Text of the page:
But time is not the only obstacle to a successful collaborative effort. When officials in southern California's Pomona Valley wanted to know if nitrates from fertilizers and septic tanks posed a threat to local well water, they turned for help to Harvey Mudd. Students created a computer program for the area water district to estimate future concentrations of nitrates based on the number of existing septic tanks and farms and developed software to plot contours of nitrate concentration levels, a complicated model using differential equations, free-boundary problems and fluid mechanics.

The programs helped officials maintain the quality of the water supply—for awhile. "It worked fine," recalls Richard Hansen, general manager for the Three Valleys Water District. "It certainly was beneficial." But staff turnover and a new computer system ended its usefulness, and the district hasn't used the students' programs for the past five years.

Interrupted Pieces

Then there are the practical issues of selecting a project that can work. "Don't set up impossible problems that will result in high frustration levels for all involved," warned Martin Buehler, a senior research scientist at NASA's Jet Propulsion Laboratory in Pasadena. "Often you have to break things down into smaller pieces."

Institutions must remember that the team members are, first and foremost, students. "You have to operate almost on an 'interrupt' basis," Buehler said about the inevitable delays in progress. In addition to his or her normal course load, a student may spend as much as 20 hours a week on the project.

Other approaches allow students to devote more time to their project. The University of Waterloo (Ontario), for example, operates a cooperative math clinic in which students spend one semester on campus and the following semester at the work site. In France, doctoral students work full-time at the National Institute for Research in Computer Science and Automation after completing their qualifying courses.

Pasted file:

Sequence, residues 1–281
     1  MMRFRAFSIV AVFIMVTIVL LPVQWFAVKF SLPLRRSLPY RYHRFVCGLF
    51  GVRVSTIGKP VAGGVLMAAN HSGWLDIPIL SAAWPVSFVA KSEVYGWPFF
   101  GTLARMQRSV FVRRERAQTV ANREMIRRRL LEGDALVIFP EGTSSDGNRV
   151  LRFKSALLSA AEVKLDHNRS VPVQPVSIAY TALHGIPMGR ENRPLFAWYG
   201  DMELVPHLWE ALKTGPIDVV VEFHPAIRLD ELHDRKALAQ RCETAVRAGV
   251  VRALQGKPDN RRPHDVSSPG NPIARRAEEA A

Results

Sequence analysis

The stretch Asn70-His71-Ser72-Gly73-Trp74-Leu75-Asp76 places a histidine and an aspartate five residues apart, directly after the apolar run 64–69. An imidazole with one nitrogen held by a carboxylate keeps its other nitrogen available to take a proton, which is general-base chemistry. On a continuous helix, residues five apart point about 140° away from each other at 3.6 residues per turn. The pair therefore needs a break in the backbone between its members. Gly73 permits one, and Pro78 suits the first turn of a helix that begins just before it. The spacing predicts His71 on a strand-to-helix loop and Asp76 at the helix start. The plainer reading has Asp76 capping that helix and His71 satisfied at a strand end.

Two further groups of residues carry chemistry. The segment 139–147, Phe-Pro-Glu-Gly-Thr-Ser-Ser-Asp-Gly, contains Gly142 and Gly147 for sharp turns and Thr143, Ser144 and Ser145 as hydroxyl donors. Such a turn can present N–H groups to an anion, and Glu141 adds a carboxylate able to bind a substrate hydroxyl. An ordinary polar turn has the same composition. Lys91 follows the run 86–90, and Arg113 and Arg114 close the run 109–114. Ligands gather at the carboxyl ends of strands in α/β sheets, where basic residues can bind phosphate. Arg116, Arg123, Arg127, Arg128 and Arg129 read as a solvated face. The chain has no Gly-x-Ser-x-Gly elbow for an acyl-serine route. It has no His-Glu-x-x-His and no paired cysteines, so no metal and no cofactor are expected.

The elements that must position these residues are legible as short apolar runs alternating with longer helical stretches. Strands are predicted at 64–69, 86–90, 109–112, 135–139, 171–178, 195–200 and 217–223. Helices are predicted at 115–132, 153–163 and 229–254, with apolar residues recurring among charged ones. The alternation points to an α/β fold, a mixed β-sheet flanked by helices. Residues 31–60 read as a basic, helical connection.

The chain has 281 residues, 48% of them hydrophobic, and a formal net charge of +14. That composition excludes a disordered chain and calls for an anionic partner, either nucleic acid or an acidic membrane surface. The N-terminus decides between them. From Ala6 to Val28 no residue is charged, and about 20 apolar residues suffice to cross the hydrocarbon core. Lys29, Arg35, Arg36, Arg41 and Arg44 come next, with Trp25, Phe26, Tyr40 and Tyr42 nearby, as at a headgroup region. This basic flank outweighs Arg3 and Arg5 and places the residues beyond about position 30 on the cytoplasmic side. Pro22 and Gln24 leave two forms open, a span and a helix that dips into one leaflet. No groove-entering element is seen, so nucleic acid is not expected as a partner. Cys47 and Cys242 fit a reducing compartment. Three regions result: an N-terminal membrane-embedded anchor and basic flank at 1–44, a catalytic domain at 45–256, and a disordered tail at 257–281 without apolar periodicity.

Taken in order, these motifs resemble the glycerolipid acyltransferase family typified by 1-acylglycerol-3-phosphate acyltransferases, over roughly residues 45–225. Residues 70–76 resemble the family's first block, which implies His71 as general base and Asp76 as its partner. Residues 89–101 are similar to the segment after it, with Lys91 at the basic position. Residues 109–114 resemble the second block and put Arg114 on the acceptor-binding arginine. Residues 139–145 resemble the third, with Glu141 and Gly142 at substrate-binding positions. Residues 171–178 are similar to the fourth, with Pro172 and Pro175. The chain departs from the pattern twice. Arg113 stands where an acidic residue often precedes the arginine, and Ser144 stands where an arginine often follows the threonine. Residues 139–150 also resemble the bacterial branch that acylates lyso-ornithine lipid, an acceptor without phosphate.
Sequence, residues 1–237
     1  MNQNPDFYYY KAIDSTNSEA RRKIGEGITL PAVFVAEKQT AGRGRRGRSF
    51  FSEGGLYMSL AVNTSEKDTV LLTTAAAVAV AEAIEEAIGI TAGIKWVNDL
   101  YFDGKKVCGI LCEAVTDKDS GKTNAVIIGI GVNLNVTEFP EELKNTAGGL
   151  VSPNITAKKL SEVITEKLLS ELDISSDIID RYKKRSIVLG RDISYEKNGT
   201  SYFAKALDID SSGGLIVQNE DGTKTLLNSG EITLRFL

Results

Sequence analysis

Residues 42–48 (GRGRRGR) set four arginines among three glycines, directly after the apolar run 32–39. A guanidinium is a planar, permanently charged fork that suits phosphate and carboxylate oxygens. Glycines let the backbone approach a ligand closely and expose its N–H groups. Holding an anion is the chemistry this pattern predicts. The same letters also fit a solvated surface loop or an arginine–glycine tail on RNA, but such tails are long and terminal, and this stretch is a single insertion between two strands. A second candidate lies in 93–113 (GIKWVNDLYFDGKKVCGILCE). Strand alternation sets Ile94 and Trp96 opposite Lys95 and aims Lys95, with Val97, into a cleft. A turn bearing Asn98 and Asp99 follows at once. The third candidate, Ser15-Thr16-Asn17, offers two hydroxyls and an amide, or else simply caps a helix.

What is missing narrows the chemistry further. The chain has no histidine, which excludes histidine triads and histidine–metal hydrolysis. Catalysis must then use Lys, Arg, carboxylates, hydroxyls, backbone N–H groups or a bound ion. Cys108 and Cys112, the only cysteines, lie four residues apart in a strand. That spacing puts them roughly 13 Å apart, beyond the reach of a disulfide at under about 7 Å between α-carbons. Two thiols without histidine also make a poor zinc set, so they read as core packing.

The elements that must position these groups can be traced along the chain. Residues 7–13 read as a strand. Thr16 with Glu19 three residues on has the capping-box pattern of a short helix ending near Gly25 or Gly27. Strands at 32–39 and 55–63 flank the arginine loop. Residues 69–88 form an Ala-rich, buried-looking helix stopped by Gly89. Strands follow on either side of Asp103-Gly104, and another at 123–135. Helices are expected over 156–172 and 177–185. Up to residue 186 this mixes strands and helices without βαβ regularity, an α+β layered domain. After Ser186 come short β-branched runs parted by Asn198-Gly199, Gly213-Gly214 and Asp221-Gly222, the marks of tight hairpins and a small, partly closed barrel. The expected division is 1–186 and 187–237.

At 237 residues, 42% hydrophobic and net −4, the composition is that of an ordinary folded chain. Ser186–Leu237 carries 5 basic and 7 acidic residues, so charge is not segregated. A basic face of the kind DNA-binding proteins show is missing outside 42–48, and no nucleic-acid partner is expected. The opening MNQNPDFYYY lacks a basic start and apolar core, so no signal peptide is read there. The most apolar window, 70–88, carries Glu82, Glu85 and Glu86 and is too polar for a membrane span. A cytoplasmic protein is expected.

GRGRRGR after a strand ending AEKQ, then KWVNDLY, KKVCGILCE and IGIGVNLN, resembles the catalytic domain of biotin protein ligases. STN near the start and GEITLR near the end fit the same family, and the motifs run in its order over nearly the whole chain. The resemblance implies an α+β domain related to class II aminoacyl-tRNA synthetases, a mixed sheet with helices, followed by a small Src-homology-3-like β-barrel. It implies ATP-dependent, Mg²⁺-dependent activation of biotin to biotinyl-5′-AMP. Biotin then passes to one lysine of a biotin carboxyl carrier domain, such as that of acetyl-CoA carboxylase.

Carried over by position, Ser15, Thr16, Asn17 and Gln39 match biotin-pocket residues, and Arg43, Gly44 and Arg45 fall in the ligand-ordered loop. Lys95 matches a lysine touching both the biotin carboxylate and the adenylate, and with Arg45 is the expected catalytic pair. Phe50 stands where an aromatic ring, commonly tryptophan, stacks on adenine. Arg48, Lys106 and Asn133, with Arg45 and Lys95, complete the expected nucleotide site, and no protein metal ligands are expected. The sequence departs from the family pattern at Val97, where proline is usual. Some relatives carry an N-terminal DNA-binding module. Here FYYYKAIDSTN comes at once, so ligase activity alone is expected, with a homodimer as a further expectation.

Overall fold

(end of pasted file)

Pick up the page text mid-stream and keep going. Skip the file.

Regardless of the approach taken, successful programs require close collaboration between universities and their clients. "You need weekly meetings," said Teledyne's Davis. "You need to keep the goals in sight at all times, with review points along the way. And sometimes, in the middle of it all, we find we have to change directions."

Schools in areas saturated with high-tech companies have a fairly easy time finding clients once contacts have been made and reputations established. But not everyone is blessed with a Silicon Valley as a neighbor. Robert Chapman, a math professor at the University of Guelph (Ontario), suggested that universities "focus on the particular strengths of your institution and be prepared for a good deal of legwork."

Rob Gould is a senior at Harvey Mudd majoring in applied math. He is working with General Dynamics in Pomona on the design of neural networks for an artificial intelligence system that can recognize edge-enhanced outlines with a 20-degree variance. In addition to the knowledge he has gained, he has learned to prepare and give oral reports and to work as part of a team.

"It's a neat experience," he said. "You find you can do things you never knew you could do."

Riordan is a freelance writer in San Marino, Calif.